Tuesday, May 3, 2016

Ross Hales, assistant coach, 2013-14 Westview varsity boys basketball (Truth Photo By Anthony Anderson) (ANTHONY ANDERSON / AP)
Ross Hales has found a very comfortable place at Westview
Posted on March 14, 2014 at 5:34 p.m.

TOPEKA — It's been more than 20 years, but Bob Knight's powerful words still manage to smack Ross Hales right in the mouth.

"He told the perimeter players that if the post players can't catch the ball, throw it at their face," Hales said. "He said they have to learn to catch the ball. That's a coaching point I use quite a bit. It makes complete sense."

Hales, then a senior at Indiana University, had come directly from the Hoosiers' football program and was a late addition to a basketball team that had been depleted by injuries. The lessons he learned then ring true today.

The former Elkhart Memorial all-stater, and now Westview's junior varsity coach, Hales hopes the Warriors can hit Hammond Noll with the right moves at the 2A North Judson Regional on Saturday, March 15.

"I didn't feel any pressure. Coach Knight yelled ... he was a screamer. He held you accountable," Hales said. "And after having played football with Coach (Bill) Mallory, I was fine with that. If he was yelling, it meant I was doing something wrong. I took everything in. I wasn't going to let this opportunity go by with all the knowledge I was getting."

The brief basketball stop at IU in 1994 became the first in a series of right-place, right-time, right-fit moments for Hales.

The next came later that year with his first coaching job — an assistant football post at Churubusco under Phil Jensen. Hales and Jensen connected at IU football camps, but Jensen left the next season for Warsaw.

Hales, still on staff at Busco, was hired as the school's basketball coach in 1996.

Right place, right time.

Four seasons at Churubusco were followed by nine years at West Noble. Wins came tough at each school as Hales compiled a 101-176 career record.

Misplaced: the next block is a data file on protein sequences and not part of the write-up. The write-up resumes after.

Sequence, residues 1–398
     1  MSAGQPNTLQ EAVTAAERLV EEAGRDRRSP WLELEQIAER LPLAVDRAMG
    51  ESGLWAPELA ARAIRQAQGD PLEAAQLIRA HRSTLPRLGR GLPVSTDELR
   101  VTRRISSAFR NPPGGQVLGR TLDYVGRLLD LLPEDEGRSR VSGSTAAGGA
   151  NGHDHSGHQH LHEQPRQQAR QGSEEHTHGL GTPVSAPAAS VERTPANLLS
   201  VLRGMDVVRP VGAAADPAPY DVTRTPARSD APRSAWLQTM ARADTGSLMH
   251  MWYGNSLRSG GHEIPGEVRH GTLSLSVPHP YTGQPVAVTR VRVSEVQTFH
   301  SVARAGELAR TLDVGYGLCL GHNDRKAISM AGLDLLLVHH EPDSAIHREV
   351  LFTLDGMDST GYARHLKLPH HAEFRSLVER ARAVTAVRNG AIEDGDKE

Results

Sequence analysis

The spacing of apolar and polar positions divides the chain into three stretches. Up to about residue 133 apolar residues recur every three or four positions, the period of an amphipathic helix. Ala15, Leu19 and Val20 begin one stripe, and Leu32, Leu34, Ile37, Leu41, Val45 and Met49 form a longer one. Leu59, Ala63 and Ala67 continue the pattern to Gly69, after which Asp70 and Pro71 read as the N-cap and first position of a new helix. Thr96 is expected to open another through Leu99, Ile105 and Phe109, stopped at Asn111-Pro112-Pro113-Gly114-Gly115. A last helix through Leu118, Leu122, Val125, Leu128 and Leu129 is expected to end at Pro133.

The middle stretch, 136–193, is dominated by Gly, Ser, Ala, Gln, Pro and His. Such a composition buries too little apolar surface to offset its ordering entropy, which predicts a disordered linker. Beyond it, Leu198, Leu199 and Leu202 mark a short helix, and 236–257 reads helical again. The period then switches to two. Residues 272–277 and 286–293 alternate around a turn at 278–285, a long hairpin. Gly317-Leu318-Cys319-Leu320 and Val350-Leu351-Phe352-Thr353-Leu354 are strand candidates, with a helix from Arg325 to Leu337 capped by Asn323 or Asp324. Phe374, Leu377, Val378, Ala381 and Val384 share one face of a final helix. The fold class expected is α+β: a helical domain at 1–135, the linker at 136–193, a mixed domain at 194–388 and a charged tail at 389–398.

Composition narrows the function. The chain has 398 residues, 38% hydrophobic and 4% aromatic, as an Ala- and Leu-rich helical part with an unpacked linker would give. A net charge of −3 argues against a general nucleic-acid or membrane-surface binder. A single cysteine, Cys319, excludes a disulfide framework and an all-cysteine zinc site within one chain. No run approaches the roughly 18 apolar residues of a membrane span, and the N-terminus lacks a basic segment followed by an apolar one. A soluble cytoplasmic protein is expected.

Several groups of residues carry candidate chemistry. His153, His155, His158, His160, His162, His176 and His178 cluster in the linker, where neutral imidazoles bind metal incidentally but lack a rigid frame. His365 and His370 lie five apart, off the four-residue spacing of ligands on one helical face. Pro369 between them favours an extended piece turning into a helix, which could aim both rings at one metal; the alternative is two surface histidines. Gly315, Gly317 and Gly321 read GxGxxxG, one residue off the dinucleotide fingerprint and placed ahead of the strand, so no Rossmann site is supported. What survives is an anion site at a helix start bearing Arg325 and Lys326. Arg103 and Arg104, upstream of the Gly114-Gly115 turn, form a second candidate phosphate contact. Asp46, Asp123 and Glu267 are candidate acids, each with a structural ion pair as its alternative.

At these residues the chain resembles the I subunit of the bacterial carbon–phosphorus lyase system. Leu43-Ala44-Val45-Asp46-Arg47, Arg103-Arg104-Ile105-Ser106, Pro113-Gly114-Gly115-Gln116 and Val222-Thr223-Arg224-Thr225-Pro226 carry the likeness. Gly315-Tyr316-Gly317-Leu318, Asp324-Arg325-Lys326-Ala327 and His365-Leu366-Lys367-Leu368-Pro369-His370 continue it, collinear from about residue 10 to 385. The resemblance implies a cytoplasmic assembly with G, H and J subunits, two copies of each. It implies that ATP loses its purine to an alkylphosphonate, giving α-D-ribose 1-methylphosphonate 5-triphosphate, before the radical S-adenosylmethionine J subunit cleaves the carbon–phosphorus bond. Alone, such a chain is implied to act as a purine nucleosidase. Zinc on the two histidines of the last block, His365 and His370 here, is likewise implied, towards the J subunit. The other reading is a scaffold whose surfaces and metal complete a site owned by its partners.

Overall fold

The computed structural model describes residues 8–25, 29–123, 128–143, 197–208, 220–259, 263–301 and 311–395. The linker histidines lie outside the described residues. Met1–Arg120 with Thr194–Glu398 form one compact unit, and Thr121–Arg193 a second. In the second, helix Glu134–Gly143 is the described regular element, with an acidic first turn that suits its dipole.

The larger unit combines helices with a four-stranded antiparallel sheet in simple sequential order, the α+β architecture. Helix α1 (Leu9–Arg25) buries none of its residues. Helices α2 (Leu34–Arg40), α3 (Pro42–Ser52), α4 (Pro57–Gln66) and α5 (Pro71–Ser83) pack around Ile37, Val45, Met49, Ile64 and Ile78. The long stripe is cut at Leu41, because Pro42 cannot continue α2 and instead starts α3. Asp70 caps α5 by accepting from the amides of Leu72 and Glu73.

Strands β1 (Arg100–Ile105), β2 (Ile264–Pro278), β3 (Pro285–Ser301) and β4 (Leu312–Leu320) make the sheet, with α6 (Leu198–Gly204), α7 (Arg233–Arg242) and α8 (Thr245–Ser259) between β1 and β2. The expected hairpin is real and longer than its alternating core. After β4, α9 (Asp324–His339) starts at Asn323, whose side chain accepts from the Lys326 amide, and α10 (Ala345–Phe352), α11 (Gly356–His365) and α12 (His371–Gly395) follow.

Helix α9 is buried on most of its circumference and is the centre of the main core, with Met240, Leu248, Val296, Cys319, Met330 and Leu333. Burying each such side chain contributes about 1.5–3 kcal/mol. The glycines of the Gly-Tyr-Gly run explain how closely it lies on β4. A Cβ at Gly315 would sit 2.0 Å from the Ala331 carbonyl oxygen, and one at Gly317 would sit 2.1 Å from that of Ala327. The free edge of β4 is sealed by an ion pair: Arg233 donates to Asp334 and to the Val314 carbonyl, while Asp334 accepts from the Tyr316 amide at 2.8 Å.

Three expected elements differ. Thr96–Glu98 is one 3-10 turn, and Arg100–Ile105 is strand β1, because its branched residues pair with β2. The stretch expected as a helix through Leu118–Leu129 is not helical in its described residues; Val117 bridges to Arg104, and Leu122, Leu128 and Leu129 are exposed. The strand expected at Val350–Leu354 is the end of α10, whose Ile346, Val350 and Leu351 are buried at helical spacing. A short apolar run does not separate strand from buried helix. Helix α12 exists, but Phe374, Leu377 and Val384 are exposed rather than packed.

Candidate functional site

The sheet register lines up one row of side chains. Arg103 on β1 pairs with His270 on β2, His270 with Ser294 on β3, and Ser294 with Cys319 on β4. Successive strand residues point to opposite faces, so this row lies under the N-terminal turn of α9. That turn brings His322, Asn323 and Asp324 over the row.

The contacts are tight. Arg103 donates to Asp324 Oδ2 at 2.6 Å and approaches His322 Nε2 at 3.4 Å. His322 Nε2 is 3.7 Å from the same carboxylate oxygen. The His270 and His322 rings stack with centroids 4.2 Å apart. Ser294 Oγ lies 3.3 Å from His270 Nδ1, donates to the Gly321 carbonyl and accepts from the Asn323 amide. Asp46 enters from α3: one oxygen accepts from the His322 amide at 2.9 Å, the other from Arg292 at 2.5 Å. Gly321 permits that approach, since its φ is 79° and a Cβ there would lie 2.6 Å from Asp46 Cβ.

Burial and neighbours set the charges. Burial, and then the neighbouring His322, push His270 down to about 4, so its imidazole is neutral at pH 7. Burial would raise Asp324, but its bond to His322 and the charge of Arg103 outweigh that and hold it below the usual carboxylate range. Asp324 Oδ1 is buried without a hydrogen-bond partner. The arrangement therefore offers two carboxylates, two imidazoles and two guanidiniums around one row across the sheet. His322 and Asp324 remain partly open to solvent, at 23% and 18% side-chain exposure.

Hales left West Noble after the 2010-11 season, but was quickly snapped up by Rob Yoder and Westview, which saw its JV coach, Jon Jantzi, move down to the junior high level.

"I always thought Ross got a lot out of his kids no matter what the talent level was," Yoder said. "It was kind of a no-brainer for us to have him come in and help us with our post players. Our coaching staff is guard heavy in background so I approached him about becoming the JV coach for us.

"We were fortunate to get him. We got what we wanted. He's really good with the communication end of it, the organizing stuff. I'm not. It doesn't sound like much, but with all of our youth programs and teams, he started our Twitter account. ... Those are all bonuses."

On the court, Yoder says Hales has molded Chandler Aspy into a smooth and effective player around the basket. At 6-foot-3, Aspy finds himself pitted against bigger players inside, but Hales' savvy has made a difference.

"Our posts will work with Ross on situations," Yoder said. "He worked on them getting open more, the quickness of their moves, the shot fakes. He's helped Chandler as well as Judah (Zickafoose)."

"Chandler, he's a wonderful player and I like to think that I've helped with the things I was learning from Coach Knight," Hales said. "A lot of it is small things here and there which have allowed him to be a better player. He's using his body well, he's using feet in the post. All of that has developed."

On Saturday, Hales believes all of those elements have to be dialed in for Hammond Noll, a team, he said, which has quickness on the perimeter but not a true inside presence.

"When you look across the board, I truly feel we have an advantage there," Hales said. "With Judah and Chandler, we have to be strong, we have to finish and we have to knock down our free throws. Rebounding is the No.1 key.

"We have to win the post and at least stay even with them rebounding. If we do that, we'll be right in the mix."

Hales believes he's found the right mix for himself as well.

He doesn't aspire to be a head coach anytime in the near future and he's enjoying the Westview experience with his wife, Candace, an English teacher at the high school; his daughter, Gracie, a sophomore; son Elijah, a seventh-grader; and son Avery, a third-grader. Ross continues to teach, however, at West Noble Middle School.